Media reports enthused, “The Africa Re boss points out that insurance companies cannot underwrite catastrophic risks without reinsurance and stresses the need to have high insurance penetration in Africa because this will increase opportunities for the underwriters and reinsurers will also enjoy the same.”
In the light of that, some of the reinsurance companies on the continent have injected billions of dollars in the sector, yet profit is back-rolling. An illustration is the African Reinsurance Corporation (Africa Re) owners that injected over N1.9 billion into the company, representing a 96 per cent subscription in September 2013.
But evidence is that in Kenya, the country’s largest reinsurer – Kenya Re – in which government owns 60 per cent, had a shriveled market share in first quarter of 2015.
What might have caused the down-spiral of profit in Kenya Re could be hinged on corruption. The President, African Development Bank (AfDB), Dr. Akinwumi Adesina in December 2015 told NAN that Africa loses 148bn U.S. dollars annually due to corruption; of which the reinsurance sector was not exempted.
Business Daily Africa, accounted, “Data from the Insurance Regulatory Authority (IRA) shows the market share of Kenya Re in the general insurance business came down from 70.9 per cent in December for general business, having collected Sh1.4 billion in premiums by the end of March.”
Taking a clue from other climes on how to rejuvenate the reinsurance industry in Africa, a source in The Punch said that there should be preservation of premiums; it will help increase the individual countries’ Gross Domestic Product and supply finance to furnish developmental schemes.
“Statistics from the Sigma 2014 World Insurance Report by Swiss Re revealed that Europe generated $1.69bn premium, about 35.53 per cent share of the world insurance market and contributed 6.83 per cent to its GDP.
“America generated $1.59bn premium, which was about 33.33 per cent of the world insurance premium and contributed 6.29 per cent to the GDP. Asia earned $1.31bn premium in 2014 or about 27.57 per cent share of the global market and contributed 5.21 per cent of the GDP.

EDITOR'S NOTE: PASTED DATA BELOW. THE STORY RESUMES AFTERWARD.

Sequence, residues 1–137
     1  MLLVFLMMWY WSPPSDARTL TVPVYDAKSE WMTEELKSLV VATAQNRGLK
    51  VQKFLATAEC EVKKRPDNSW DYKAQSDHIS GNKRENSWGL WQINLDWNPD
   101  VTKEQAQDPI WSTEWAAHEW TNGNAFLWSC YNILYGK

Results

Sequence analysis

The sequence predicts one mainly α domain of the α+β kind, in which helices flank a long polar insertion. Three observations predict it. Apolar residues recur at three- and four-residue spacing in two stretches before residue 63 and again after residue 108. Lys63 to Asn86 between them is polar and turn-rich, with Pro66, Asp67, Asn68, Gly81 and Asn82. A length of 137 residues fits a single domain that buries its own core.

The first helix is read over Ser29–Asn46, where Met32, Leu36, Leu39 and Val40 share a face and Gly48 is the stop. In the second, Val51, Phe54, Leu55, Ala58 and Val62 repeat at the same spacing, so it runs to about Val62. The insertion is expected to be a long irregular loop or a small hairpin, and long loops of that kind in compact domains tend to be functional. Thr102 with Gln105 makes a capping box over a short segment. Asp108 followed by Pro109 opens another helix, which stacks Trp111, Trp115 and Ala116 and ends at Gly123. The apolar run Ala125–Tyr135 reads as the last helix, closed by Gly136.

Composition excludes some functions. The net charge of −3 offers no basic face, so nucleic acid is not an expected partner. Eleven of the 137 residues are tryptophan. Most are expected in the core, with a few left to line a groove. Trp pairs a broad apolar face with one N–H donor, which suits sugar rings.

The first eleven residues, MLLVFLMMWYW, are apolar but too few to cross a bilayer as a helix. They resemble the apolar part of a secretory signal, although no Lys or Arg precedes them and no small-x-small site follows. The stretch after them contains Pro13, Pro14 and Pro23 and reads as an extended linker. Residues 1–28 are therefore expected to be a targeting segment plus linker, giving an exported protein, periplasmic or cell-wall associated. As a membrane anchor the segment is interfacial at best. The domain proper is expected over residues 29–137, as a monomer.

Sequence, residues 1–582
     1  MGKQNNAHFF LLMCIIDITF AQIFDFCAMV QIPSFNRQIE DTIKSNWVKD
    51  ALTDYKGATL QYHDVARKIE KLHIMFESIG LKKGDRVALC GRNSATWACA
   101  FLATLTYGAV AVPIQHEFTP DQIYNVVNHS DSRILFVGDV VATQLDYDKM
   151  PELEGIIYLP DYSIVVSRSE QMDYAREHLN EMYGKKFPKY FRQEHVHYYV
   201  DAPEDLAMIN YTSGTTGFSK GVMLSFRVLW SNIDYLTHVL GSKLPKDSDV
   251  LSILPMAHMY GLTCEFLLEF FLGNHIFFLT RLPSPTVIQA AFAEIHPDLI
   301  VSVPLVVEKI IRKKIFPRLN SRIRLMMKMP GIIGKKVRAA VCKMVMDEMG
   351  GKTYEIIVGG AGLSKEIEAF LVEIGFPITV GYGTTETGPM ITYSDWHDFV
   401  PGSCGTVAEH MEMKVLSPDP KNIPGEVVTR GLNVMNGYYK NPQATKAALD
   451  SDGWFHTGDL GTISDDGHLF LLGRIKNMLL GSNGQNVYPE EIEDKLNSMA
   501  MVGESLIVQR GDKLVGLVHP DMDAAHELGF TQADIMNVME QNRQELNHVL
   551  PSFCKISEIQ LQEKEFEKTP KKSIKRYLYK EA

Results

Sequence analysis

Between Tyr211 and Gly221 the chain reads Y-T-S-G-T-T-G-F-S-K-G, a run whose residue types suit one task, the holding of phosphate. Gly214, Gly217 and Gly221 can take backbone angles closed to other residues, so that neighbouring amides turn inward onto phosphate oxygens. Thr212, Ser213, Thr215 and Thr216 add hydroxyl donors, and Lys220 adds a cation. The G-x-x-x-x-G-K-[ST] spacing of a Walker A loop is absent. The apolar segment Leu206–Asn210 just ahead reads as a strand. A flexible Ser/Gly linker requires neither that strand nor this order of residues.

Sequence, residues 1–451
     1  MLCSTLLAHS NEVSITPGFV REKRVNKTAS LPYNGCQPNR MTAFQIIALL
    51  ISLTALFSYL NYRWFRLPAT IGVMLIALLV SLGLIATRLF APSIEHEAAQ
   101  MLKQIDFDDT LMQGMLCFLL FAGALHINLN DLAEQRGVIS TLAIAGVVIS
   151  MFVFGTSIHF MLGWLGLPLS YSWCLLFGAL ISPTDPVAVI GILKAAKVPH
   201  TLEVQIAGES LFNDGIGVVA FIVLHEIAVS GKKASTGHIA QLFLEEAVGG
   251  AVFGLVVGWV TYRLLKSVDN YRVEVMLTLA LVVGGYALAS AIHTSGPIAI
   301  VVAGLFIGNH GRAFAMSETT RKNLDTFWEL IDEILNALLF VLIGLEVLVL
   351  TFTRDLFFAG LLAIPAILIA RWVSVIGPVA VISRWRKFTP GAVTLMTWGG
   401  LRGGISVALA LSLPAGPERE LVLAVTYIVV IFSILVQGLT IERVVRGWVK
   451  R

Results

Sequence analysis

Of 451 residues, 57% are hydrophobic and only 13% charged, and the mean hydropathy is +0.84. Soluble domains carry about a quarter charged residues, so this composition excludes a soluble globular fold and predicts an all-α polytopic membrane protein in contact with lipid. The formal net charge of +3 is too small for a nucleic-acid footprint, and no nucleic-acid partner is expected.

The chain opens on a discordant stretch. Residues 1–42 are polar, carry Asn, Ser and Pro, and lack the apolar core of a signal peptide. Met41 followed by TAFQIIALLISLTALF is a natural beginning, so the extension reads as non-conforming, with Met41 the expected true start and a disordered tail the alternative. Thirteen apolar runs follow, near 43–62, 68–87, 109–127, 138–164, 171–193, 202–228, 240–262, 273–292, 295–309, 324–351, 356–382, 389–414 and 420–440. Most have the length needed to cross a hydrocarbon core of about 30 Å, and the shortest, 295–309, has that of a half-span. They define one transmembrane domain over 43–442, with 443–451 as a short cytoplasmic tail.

Oceania generated $100.14m premium in 2014 or 2.10 per cent of the world total, with a contribution of 5.92 per cent to GDP. Africa, which is the lowest, earned about $68.97m, which translates to 1.44 per cent share of the world insurance market, with the industry contributing about 2.79 per cent to the continent’s GDP,” the source said.
Cassim Hansa, the Managing Director of the Continental Reinsurance Plc's specialist subsidiary – Continental Property Engineering Risk Services – (CPERS), said in December 2015 during the company’s expansion to Southern Africa, “Africa needs more and better infrastructure to fulfill its economic potential and direct foreign investment is a crucial enabler.”
Hansa added, saying that greater localisation of the insurance supply chain would support the profitable development of Africa’s own sophisticated, specialist insurance capacity. And to enable this, African operators need to reap more benefits locally, meaning a higher percentage of premiums generated in Africa should remain in Africa.
Odimegwu Onwumere is a Poet/Writer; he writes from Rivers State.